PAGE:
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Revolution

Hungry for an MLS Cup, Bruce Arena has Revolution poised to be a contender

Hired as sporting director/coach in 2019, the Revolution believe Bruce Arena can position the team for long-term success in Major League Soccer.
Hired as sporting director/coach in 2019, the Revolution believe Bruce Arena can position the team for long-term success in Major League Soccer.Jonathan Wiggs/Globe Staff

When the Revolution opened their first training camp on an icy March day in 1996, they worked out in the inflated bubble behind Foxboro Stadium. These days, the home of the Revolution includes a $35 million training complex, complete with three well-groomed grass fields. But when the team started workouts Monday, it was back where it all started.

Of course, the bubble has been replaced by a field house, which offers less claustrophobic conditions and sports a sponsor’s name — but is still often referred to as “The Bubble.”

Nearly everything Revolution-related has improved since MLS kicked off in its initial season. The Revolution have produced inspiring teams — last year’s version advanced to the Eastern Conference finals — but they have yet to win an MLS Cup.

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And that is where Bruce Arena comes in.

In 1996, Arena won the first of his five MLS Cup titles, the game played at Foxboro Stadium, which has gone the way of the original bubble. The Revolution hired Arena as sporting director/head coach in 2019, hoping he could win No. 6 with them, and last year he took them within a game of their sixth finals appearance.

The Revolution now have nearly everything in place to make a run at a championship. Besides hiring the league’s most accomplished coach, the team maxed out with three Designated Players, shelling out $12.7 million in transfer fees for Gustavo Bou, Adam Buksa, and Carles Gil. All that’s missing is a soccer-specific stadium in Boston, leaving the Revolution to make do with Gillette Stadium when the season opens April 17.

Bruce Arena gives direction during a workout in Foxborough last year.
Bruce Arena gives direction during a workout in Foxborough last year.Barry Chin/Globe Staff/The Boston Globe

While the Revolution might desire more suitable digs, they would settle for an extended post-season stay at Gillette via a regular-season record good enough to guarantee home-field advantage. Last season, the Revolution won twice on the road in the post-season — remarkably, they have a winning record away from home since Arena took over in May 2019 — but it would have been difficult to capture two more victories, in Columbus and Seattle, to capture the MLS Cup.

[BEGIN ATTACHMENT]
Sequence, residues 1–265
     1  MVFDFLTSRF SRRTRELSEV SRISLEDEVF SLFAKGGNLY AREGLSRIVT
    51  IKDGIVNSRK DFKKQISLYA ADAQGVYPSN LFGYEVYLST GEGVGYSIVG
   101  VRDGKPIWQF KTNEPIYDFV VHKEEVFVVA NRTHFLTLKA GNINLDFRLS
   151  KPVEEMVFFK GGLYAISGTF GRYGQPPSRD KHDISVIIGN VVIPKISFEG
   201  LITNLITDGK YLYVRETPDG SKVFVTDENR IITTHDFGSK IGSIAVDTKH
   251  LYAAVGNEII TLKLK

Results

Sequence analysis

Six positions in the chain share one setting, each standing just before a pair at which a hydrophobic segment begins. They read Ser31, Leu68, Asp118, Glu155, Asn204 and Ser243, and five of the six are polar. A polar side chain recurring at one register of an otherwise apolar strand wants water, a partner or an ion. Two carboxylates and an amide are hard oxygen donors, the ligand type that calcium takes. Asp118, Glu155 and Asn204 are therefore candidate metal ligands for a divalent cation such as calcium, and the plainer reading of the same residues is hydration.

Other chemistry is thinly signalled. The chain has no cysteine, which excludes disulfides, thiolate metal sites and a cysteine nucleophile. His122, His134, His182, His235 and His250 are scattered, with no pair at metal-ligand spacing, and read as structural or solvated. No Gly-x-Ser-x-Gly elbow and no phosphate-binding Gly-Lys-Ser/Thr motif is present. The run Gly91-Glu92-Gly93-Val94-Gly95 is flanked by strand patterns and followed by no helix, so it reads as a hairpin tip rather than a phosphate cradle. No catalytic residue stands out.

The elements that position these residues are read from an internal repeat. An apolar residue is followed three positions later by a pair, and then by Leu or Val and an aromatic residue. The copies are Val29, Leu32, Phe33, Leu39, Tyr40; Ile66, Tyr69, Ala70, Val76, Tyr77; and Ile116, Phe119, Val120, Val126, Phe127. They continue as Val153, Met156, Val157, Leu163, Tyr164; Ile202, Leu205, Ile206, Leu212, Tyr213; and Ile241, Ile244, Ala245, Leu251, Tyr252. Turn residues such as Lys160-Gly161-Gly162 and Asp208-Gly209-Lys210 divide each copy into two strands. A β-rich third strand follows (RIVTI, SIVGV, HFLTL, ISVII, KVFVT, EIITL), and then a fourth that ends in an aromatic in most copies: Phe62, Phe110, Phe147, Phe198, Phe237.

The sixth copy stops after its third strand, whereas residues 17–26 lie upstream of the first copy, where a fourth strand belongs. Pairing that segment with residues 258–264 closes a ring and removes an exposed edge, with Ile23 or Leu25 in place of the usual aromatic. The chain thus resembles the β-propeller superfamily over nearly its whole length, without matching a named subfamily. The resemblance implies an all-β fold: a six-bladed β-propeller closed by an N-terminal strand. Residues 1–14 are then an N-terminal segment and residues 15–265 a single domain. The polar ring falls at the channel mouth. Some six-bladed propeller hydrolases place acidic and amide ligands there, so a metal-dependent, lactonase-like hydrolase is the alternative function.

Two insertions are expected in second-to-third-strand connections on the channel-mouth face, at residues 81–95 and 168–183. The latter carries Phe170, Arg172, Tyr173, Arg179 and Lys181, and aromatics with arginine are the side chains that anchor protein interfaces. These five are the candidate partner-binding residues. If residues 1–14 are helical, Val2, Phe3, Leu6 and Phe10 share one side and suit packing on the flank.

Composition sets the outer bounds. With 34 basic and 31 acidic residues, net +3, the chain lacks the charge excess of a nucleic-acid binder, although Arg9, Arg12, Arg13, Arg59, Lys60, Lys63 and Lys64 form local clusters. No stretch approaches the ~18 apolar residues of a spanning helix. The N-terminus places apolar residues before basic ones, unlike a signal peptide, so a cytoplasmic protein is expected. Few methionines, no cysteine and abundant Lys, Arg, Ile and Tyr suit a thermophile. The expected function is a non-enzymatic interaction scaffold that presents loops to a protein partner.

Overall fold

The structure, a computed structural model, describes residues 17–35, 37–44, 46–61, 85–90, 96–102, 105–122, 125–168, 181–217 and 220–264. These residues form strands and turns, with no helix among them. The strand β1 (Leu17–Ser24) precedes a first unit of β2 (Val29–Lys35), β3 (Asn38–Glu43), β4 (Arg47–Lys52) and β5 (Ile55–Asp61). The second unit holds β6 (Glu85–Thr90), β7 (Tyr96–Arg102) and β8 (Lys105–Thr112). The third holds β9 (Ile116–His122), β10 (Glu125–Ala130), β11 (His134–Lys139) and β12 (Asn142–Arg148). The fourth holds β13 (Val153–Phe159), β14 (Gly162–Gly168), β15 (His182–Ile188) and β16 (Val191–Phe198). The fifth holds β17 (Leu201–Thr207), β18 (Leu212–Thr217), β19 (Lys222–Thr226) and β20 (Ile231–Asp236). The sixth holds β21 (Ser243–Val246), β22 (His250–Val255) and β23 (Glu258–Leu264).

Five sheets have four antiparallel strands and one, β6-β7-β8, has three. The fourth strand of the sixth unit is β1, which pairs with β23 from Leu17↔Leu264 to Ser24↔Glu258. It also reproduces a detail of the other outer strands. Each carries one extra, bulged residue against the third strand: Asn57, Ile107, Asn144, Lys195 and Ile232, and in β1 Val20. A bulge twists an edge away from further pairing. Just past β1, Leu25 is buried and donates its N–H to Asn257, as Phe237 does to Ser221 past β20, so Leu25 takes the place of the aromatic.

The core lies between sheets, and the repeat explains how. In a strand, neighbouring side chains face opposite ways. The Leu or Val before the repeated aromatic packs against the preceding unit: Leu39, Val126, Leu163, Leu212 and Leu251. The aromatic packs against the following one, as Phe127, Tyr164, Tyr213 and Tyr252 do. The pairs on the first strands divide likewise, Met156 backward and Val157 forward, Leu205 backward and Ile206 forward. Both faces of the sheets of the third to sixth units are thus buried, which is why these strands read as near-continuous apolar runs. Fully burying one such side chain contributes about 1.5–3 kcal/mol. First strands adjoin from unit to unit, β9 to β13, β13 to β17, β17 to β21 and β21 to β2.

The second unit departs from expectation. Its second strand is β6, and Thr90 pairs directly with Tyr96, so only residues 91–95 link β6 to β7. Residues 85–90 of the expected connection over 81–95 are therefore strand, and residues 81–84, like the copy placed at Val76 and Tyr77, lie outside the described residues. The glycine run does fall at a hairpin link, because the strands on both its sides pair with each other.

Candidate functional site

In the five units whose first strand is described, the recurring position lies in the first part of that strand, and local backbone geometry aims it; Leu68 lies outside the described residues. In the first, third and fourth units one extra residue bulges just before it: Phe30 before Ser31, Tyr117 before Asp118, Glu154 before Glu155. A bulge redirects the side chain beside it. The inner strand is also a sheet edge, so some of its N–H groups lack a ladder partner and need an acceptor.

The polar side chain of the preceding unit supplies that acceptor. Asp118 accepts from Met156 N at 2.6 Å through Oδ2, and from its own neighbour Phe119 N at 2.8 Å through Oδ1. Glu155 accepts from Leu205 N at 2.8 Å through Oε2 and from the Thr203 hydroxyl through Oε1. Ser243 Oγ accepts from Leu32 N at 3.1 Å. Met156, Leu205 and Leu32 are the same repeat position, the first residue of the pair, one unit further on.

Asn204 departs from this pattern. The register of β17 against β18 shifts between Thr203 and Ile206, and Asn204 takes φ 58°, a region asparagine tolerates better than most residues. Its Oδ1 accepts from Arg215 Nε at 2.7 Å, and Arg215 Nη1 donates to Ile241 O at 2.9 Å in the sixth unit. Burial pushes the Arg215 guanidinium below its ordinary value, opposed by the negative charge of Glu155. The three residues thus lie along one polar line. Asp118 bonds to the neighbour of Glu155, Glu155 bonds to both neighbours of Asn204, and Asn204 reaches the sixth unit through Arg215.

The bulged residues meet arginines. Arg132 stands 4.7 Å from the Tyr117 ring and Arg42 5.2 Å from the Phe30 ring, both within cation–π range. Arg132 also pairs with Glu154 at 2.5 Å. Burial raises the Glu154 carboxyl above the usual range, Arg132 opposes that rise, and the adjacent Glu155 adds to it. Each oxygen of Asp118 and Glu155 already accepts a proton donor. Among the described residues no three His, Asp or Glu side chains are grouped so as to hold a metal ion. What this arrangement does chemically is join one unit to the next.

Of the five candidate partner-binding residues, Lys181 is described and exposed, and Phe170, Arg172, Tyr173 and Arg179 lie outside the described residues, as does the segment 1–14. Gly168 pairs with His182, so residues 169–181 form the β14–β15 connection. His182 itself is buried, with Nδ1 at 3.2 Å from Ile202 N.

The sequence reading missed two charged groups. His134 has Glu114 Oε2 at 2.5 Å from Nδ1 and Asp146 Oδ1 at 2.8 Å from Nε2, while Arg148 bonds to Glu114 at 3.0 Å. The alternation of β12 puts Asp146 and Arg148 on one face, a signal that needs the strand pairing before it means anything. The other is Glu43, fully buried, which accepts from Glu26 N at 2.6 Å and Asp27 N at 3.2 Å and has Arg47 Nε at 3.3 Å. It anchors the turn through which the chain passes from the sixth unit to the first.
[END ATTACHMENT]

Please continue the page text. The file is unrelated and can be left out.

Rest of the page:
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Arena is hoping the Revolution can avoid their habitual sluggish start. The Revolution have won only five season-openers in 25 years, and have an 0-4-2 in lid-lifters since 2013. Arena, meanwhile, guided the Los Angeles Galaxy to five campaign-opening victories in eight seasons. Along the way, the Galaxy compiled early-season 10- and 12-game unbeaten runs, and that was while Arena juggled Champions League commitments.

“I think one thing that’s a big difference with our team this year, and I told them that in our team meeting today, we have not had a full year with this team,” Arena said during a conference call Monday. “So this year, hopefully, is the year we’re going to be together for a full season. The positive part is that we know each other now. I think we’ve built a roster that is stronger than we’ve had in previous years. Hopefully, that adds up to some more success during the regular season.”

The Revolution have gone to great lengths to prepare in the preseason, traveling to Europe (Italy, Portugal), Latin America (Brazil, Costa Rica, Ecuador, Mexico), the North Atlantic (Azores, Bermuda), as well as several southern US cities, including pre- and post-Katrina New Orleans. Arena plans to spend three weeks at home before bringing the Revolution to Los Angeles for three weeks during the preseason.

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“A number of players have been here some weeks now working hard and you can see that the fitness level was pretty good for the start of preseason,” Arena said. “That’s something that’s a real positive and we hope we can move them along a lot quicker.”

Bruce Arena and Robert Kraft talk during a game against Montreal last September.
Bruce Arena and Robert Kraft talk during a game against Montreal last September.Steven Senne/Associated Press

Arena transformed the Revolution when he took over two years ago, after the team got off to a 2-8-2 start, its worst ever. And the Revolution seemed set to carry momentum into last season, before Gil went down with an ankle injury and play was halted due to pandemic protocols.

The Revolution rallied to compile their first winning record (8-7-8, 32 points) since 2015, before falling short in the playoffs.

It could be a long shot for a team that has never won the Supporters Shield, but if Arena can get the Revolution to take a couple strides forward, he could be contending for an MLS Cup steps away from where his professional championship days started.